In the past 18 months the Centre has formed many successful partnerships and friendships with diverse communities, including the South Wales Sudanese Community, Wales Tamil Sangam, the Afro-Caribbean and local Somaliland communities. Twice the Centre has hosted Tamil New Year and in October will celebrate Diwali. Classes in Tamil culture are held every other weekend at the Centre to help this new association to celebrate their own language and culture through the arts. .
Equality of opportunity is top of mind in all that the Centre does, encouraging participation and access amongst people of all ages. For International Women’s Day this year the Centre hosted Women Making a Difference’s Summit in the Weston Studio. Working with Women’s Workshop the Centre hosts their summer school for girls and young women, with the aim of increasing aspirations and encouraging self-confidence. Last year their summer school featured dance and fashion and culminated in a cat walk show presenting their designs to an audience which included family members. One Somalilander mother, unprompted, stood up, saying “Until now I had never realised this was a place for people like us.”
Another example of the centre and the arts encouraging cohesion and social integration was the spectacular finale of Refugee Week 2014 at the Centre which attracted over 7,000 people. This event featured dancers from the local Sudanese Community, whom the Centre has welcomed and encouraged to make the Centre theirs, by hosting dance sessions, culminating in public performances.
Community – Quaynotes Choir
The Centre also opens its doors daily for local school and community groups, providing a performance venue and fantastic ambience with the Glanfa stage. These performances also bring alive the Centre throughout the day, providing so much more than just a performance for visitors to enjoy and performers to perform. It gives many an exciting, confidence-building experience in which they can really revel in the joy of the shared musical adventure they are creating.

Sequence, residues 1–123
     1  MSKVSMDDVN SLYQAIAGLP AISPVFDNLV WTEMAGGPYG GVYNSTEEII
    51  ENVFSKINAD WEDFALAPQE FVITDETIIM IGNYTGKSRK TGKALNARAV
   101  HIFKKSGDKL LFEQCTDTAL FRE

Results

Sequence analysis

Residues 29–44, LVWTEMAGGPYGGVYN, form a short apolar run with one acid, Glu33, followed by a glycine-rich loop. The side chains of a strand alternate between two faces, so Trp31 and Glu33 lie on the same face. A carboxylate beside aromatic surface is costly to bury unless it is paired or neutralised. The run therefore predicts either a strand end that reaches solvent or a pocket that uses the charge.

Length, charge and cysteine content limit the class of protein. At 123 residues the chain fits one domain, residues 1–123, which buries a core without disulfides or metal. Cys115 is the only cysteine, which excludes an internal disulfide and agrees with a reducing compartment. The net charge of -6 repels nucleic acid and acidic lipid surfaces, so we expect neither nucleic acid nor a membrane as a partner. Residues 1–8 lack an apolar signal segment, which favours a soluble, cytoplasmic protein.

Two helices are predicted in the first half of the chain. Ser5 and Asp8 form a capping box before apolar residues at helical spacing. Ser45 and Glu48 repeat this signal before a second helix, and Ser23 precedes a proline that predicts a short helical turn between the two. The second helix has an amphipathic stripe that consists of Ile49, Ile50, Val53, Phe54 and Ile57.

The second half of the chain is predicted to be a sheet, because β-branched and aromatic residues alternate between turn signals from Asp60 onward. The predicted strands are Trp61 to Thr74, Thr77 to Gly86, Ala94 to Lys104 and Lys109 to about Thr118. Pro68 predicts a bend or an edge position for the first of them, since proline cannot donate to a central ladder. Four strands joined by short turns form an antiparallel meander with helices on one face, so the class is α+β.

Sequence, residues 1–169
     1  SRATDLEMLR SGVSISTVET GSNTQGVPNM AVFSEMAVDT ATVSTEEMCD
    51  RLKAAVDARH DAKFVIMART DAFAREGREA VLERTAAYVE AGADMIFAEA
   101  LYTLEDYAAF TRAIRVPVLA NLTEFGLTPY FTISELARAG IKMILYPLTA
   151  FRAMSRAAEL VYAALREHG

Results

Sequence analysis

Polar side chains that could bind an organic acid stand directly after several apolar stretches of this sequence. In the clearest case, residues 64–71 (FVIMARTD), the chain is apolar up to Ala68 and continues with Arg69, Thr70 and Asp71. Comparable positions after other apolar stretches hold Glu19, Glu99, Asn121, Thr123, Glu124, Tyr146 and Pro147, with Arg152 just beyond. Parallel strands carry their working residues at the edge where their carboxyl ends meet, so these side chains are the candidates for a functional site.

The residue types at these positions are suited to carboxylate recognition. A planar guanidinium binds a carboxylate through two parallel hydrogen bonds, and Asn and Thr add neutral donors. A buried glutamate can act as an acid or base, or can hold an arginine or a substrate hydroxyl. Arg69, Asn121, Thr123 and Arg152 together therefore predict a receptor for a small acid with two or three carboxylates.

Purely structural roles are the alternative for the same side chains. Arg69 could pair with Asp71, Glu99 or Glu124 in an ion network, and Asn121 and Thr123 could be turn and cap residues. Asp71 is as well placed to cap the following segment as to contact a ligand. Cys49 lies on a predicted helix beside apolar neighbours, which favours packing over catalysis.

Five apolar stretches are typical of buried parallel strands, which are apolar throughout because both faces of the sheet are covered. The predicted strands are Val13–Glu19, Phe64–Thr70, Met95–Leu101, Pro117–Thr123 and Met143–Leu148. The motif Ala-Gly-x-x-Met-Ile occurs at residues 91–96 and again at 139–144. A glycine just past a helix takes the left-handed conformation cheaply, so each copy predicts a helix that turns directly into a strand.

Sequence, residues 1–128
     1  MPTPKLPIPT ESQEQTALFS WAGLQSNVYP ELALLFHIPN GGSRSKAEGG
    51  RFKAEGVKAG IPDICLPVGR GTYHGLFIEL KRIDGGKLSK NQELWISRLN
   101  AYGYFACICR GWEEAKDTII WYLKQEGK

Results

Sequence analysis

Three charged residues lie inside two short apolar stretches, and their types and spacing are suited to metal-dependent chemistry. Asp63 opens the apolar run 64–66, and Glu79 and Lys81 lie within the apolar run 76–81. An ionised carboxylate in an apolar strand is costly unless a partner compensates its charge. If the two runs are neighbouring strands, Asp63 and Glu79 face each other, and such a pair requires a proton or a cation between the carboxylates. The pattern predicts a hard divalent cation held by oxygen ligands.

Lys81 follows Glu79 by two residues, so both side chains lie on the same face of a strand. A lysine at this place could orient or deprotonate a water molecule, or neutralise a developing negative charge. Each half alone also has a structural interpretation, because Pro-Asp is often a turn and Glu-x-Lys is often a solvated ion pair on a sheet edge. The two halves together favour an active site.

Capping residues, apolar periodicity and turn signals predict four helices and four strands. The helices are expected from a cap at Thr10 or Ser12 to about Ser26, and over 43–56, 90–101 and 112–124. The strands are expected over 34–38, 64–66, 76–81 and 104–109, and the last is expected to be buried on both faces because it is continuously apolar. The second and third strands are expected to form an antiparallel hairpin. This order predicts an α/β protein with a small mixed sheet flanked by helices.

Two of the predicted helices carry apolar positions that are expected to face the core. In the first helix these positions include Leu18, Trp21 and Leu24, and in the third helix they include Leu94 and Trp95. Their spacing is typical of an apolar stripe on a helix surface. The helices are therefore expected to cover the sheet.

Quaynotes, a newly formed Bay Community Choir, enthusiastically performed its first ever gig in ffresh at our Supper Conversation in March, performed to great support on the Glanfa stage just before Easter and more recently they opened our July Supper Conversation in ffresh with a rousing performance that was just fab. http://cardiffquaynotes.wordpress.com
Quaynotes aims to involve local people who come together enjoying music as well as to build and strengthen community relationships and friendships amongst residents of Cardiff Bay and Cardiff and to support other local Community Groups, Charities and Businesses within Cardiff Bay. Positioned within the Centre’s “Square Mile” this is just one more example of a Community Group that is growing and benefiting from the Centre and its totally inclusive approach.
Transferable leadership lessons from the Centre’s success that can be applied to other ventures in Wales:
We could read a library of hefty tomes of academic writing about leadership but for me a model combining transactional and transformational leadership does the trick.
Transactional leaders have the ability to organise and manage people and resources to achieve the agreed corporate goals. They focus on a) setting goals b) monitoring performance c) giving feedback and d) developing careers. They are leading the “management of the present”.
Transformational leaders have a clear idea of where they want to go, are passionate and motivating to others. They are innovative and challenging. They create and communicate a vision, are intellectually stimulating, innovative and imaginative and treat people as individuals. They concentrate on a) creating a vision b) stimulating the environment and c) treating people as individual. They inspire and motivate and they are “creating the future”. (source: facet5)
From my unique perspective of chairing and project managing the Leading Wales Awards, over the 10 years there has been a vast amount of entries and conversations about leadership. For me as a result of this anecdotal and practical research, I’ve concluded that we are pretty good at transactional leadership in Wales i.e. leading the “management of the present”. Across the sectors we set goals, monitor performance, give feedback and support and encourage a lot of individuals in their progression through their careers.
However, I believe our real gap is in that of leadership that inspires, motivates, engages and helps “create the future”.
Now you could tell me: “that’s a load of fluffy nonsense Barbara – we need hard data, we need the books to balance and the numbers to crunch in the right way and that’s what really matters.”
I agree with that sentiment and fact – in any enterprise or organisation we do absolutely need all that transactional stuff 100% in place, we do indeed need to “lead the present” and do that well.